The Cook County Board of Commissioners on March 15, 2011 approved an agreement with the State that allows the Health System to pay for extra state workers to handle the backlog of applications, which now totals 14,180 and represents $40 million in System revenues. However, Health System officials said at the Finance Committee meeting on March 25 that the State will probably not be able to hire new workers quickly enough to clear up the backlog by the end of the year. The next three months are critical, Health System officials said, because enhanced Medicaid reimbursement under the federal stimulus program ends on June 30, 2011. Health System officials have estimated that the decline in federal reimbursement on claims covered by the pending applications could cost the System an estimated $10.1 million.
The Health System’s FY2011 recommended budget did not include the $40 million in Medicaid revenues related to the backlogged applications. However, the budget was amended to increase Health System revenues by $39.0 million—$40 million less an estimated payment of $1 million to the State to defray extra processing costs. The County reduced the Health System’s subsidy by that amount. The net impact is that the County will be using the increased Medicaid revenues for general county expenses outside of the Health System.
The County intends to use these revenues to avoid hundreds of additional layoffs. The Board President had initially called for 1,300 layoffs, but the number was reduced to 750 through savings from furlough days. The County has not said precisely how many additional layoffs will be avoided through use of the Medicaid revenues. However, Board President Preckwinkle said in a radio interview on March 28, 201 that the number of expected layoffs now stands at more than 400, suggesting a further reduction of roughly 300 due in part to the Medicaid revenues.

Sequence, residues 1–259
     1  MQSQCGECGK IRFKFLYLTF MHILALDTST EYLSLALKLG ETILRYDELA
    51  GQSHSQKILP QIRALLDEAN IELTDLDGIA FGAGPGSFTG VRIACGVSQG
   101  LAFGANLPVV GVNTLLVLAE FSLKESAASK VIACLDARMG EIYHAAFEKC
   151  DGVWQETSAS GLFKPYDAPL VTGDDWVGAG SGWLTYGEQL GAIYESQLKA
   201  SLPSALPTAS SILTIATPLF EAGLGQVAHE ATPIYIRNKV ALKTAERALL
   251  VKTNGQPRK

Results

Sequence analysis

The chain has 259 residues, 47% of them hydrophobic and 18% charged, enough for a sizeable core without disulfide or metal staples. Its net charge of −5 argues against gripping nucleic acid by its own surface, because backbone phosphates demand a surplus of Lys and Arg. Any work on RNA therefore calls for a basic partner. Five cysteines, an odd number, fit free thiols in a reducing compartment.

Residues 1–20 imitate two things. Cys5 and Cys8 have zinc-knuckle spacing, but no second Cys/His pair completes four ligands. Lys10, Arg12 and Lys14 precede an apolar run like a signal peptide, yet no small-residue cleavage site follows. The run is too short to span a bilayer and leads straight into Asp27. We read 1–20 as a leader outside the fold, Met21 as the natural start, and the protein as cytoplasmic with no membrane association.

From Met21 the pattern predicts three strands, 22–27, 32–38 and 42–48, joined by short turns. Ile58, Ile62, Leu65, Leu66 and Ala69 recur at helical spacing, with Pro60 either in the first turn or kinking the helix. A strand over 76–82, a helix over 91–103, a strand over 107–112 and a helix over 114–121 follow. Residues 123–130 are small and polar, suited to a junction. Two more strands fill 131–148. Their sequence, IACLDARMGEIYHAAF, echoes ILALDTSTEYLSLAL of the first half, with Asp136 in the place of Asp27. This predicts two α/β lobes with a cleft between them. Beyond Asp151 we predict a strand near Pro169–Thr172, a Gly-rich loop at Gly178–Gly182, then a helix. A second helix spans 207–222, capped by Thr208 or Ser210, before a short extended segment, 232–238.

During the same interview, the Board President said that she expects the Health Facilities and Services Review Board (HFSRB) to approve the proposal to end inpatient and emergency room services at Oak Forest Hospital at a meeting on May 10, 2011. The HFSRB rejected the plan by a vote of 3 to 2 on March 21, 2011. Under state law, five affirmative votes are required for passage. Currently only six members serve on the nine-member HFSRB and one was absent on March 21. Board President Preckwinkle said during the radio interview that she hopes Governor Pat Quinn will fill the three vacancies before the May 10 meeting.
As discussed in the Civic Federation’s Cook County Modernization 100-Day Accountability Report issued on March 25, 2011, the Health System faced budget challenges in FY2011 even before the problems described above. The System’s FY2011 recommended budget showed a 27.3% increase in patient fee revenues, from an FY2010 preliminary figure of $252.4 million to $321.2 million in FY2011. Included in fee revenues were a 33.5% increase in fees from Medicaid and a 74.2% increase from private insurers. These projections appeared to be optimistic, particularly in light of the fact that Medicaid fees in FY2010 were 22.0% below budget.